The effect of ApoE4 on neurovascular coupling in the visual cortex

Bonnar, Orla (2021) The effect of ApoE4 on neurovascular coupling in the visual cortex. Doctoral thesis (PhD), University of Sussex.

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Abstract

Neurovascular coupling (NVC) is the process whereby the brain increases local blood supply in response to neuronal activity, providing neurons with energy. Disruptions to NVC have been implicated in Alzheimer's disease (AD), so a better understanding of how NVC goes wrong, and when, is imperative for better understanding the disease and assisting in the identification of therapeutic targets. The main genetic risk factor for developing AD, expression of Apolipoprotein ε4 (APOE4), is associated with vascular deficits, including pericyte damage and impaired cerebral blood ow. I tested whether expression of APOE4 affected NVC, by studying neuronal activity and vascular responses in visual cortex.

To investigate this, mice with humanised APOE4 or APOE3 were crossed with mice expressing a genetically-encoded calcium indicator or with labelled pericytes. Mice were implanted with a cranial window over visual cortex and neuronal and vascular activity was recorded using two-photon microscopy. Baseline and stimulus evoked measurements were taken to determine the effect of ApoE4 on basal energy balance and on the ability of the brain to deliver adequate energy to neurons.

Results suggest that there were some baseline alterations in APOE4 mice that may result in a lower energy supply. Compounding this, I found there to be a mismatch in energy supply and demand during sensory stimulation, where neuronal demand was greater, but blood supply was less reliable in APOE4 mice.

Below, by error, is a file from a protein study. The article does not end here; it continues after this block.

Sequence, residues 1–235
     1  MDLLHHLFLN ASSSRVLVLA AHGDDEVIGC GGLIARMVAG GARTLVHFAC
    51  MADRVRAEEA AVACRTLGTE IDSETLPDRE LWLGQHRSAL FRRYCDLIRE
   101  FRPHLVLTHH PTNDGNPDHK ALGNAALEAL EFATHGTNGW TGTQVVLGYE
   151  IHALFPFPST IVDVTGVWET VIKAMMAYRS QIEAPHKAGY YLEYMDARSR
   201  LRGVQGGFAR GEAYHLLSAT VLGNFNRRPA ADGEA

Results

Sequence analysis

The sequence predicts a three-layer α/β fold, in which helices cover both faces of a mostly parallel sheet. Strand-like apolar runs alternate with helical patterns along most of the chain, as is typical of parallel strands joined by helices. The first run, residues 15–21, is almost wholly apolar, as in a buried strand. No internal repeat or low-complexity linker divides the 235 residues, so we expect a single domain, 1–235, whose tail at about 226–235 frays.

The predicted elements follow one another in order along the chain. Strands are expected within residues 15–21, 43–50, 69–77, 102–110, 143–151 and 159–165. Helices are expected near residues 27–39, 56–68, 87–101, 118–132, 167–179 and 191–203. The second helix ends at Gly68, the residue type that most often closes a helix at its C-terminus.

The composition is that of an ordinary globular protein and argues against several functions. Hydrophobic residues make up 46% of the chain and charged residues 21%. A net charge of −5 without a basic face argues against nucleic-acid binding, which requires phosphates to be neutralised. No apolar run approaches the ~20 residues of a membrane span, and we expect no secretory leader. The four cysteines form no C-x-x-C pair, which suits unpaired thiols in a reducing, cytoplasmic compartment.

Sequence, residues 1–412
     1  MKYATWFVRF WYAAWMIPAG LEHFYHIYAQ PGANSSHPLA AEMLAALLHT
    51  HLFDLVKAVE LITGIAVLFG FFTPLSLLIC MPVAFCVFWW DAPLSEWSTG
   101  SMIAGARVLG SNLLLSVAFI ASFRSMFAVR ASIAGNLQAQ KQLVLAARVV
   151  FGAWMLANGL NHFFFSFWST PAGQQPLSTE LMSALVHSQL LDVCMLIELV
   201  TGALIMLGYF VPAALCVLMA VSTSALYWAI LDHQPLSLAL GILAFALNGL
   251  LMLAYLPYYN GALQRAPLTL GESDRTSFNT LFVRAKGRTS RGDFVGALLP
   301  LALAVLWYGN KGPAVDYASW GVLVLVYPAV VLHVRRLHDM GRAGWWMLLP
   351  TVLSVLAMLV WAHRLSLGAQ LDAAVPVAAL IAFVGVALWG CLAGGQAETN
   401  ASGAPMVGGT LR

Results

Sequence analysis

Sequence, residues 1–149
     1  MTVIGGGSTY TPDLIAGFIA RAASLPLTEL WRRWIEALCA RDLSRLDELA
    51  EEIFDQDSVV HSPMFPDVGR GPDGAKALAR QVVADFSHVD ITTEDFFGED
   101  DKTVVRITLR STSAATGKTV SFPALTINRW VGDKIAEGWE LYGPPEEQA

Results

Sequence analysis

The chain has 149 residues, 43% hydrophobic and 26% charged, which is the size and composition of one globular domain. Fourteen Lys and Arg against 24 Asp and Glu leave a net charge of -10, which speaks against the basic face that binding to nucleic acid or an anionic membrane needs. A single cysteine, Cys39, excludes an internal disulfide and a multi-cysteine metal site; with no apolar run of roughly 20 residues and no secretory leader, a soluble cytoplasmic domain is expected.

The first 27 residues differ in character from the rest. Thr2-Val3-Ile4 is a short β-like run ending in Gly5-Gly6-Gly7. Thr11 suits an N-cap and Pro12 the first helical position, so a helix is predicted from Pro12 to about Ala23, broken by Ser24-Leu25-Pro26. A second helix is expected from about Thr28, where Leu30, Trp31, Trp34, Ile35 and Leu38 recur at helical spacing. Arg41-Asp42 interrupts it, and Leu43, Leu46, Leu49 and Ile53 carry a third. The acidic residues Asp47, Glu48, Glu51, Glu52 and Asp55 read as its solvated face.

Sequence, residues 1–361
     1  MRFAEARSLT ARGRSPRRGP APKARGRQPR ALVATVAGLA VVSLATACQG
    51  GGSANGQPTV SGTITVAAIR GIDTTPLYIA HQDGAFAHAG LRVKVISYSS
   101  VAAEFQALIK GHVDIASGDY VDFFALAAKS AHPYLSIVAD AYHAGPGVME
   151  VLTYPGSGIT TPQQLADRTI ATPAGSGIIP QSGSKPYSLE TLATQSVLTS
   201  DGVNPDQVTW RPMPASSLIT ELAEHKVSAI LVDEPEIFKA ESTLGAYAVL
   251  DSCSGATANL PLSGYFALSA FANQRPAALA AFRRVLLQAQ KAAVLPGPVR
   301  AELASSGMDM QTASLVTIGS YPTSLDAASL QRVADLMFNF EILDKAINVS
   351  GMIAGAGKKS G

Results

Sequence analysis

Together these data suggest that there could be an energy deficit in APOE4 carriers. In vivo studies investigating the role of ApoE4 in NVC are few and the study of individual vessels and neurons across different age points, as done in this body of work, is a novel and unique approach. By better understanding how ApoE4 modulates neurovascular function, we can better understand its role in AD pathology and possibly identify therapeutic targets in the future.

Item Type: Thesis (Doctoral)
Schools and Departments: School of Psychology > Psychology
Subjects: Q Science > QP Physiology > QP0101 Cardiovascular system. Circulation > QP0108.5.A-Z Special systems. Other, A-Z > QP0108.5.C4 Cerebral circulation. Including regional cerebral blood flow
R Medicine > RC Internal medicine > RC0321 Neurosciences. Biological psychiatry. Neuropsychiatry > RC0438 Psychiatry, including Psychopathology > RC0513 Psychoses > RC0521 Dementia > RC0522 Presenile dementia > RC0523 Alzheimer's disease
Depositing User: Library Cataloguing
Date Deposited: 11 Jan 2021 11:36
Last Modified: 11 Jan 2021 11:37
URI: http://sro.sussex.ac.uk/id/eprint/96440

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